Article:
On Sunday, President Donald Trump held a fundraiser in Newport Beach, CA featuring a performance from Mike Love‘s touring incarnation of the Beach Boys. Ahead of the rally, original Beach Boys member and principal songwriter Brian Wilson, as well as founding member Al Jardine, disavowed the event and denied any involvement.

This latest public spat comes after Love’s iteration of the 1960s hitmakers—which hasn’t included Wilson or Jardine since their 50th reunion tour in 2012—performed at the Safari Club International Convention in Reno, NV back in February. Wilson decried the event for its promotion of trophy hunting and in turn promoted a petition to end the practice of hunting exotic animals for sport. The event also hosted guest speaker Donald Trump Jr., an avid trophy hunter.

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Tickets for Trump’s fundraiser in the bastion of California conservatism that is Orange county reportedly started at $2,800 and rose all the way to $150,000. Held at Lido Isle—the mansion belonging to 28-year-old tech guru Palmer Luckey off the coast of Newport Beach—the cash grab also hosted performances from Jeff “Skunk” Baxter (The Doobie Brothers) as well as former California Rep. Dana Rohrabacher, who played guitar. Meanwhile, Wilson and Jardine—who certainly have their fair share on tension with Love after he won the naming rights to the group started by the Wilson brothers (Love’s cousins) in Hawthorne, CA in 1961—made an exclusive statement to Variety distancing themselves from the fundraiser.

“We have absolutely nothing to do with the Trump benefit today in Newport Beach. Zero,” Wilson and Jardine told Variety through a spokesperson. “We didn’t even know about it and were very surprised to read about it in the Los Angeles Times.”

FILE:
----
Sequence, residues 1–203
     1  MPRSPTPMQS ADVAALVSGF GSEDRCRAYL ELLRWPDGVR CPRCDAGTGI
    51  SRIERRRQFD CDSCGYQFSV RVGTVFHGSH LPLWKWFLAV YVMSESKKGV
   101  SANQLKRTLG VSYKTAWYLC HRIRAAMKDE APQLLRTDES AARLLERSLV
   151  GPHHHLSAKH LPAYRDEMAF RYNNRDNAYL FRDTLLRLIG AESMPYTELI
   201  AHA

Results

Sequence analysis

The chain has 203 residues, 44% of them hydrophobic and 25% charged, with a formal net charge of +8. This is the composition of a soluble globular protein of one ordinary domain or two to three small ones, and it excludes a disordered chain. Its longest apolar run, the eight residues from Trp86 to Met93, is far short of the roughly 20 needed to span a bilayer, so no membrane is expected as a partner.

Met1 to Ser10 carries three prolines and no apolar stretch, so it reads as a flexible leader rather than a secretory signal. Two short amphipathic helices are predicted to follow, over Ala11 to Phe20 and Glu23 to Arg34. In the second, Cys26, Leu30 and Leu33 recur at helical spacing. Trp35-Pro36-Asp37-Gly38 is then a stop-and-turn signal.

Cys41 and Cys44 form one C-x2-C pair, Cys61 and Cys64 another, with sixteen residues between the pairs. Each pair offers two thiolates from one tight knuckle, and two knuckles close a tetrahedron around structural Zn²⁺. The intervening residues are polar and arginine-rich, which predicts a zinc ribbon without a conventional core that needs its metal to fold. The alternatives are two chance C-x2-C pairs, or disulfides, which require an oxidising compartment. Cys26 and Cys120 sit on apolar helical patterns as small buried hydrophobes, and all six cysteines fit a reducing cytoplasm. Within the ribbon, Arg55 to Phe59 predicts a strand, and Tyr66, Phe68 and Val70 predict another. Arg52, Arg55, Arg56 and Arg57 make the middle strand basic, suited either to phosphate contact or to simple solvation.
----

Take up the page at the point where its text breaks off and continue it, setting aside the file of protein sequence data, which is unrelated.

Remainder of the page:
While many were quick to raise eyebrows at a Republican candidate visiting California only weeks away from the election, the Times was quick to point out the lucrative fundraising potential. The event’s host Palmer Luckey, who many believe to be the inspiration for Keenan Feldspar (played by Hayley Joel Osment) on HBO‘s Silicon Valley, sold his virtual reality company to Facebook for $3 billion and has since been one of the GOP’s top California donors. In turn, the event drew some of Orange County’s wealthiest Republicans for a late-game ATM trip by the president, though the actual number of attendees is unknown as the press—including the pool of reporters who travel with the president—were not allowed inside.

“The only reason a presidential candidate should be in California in late October is if the GPS breaks or if he is so desperate for money that he has no choice,” Dan Schnur, who teaches political communication at USC and UC Berkeley, told the Los Angeles Times. “At this stage in the campaign, every hour is precious. The fact that the candidate himself has to raise money in person means their fundraising situation is way beyond dire.”

[H/T Pitchfork]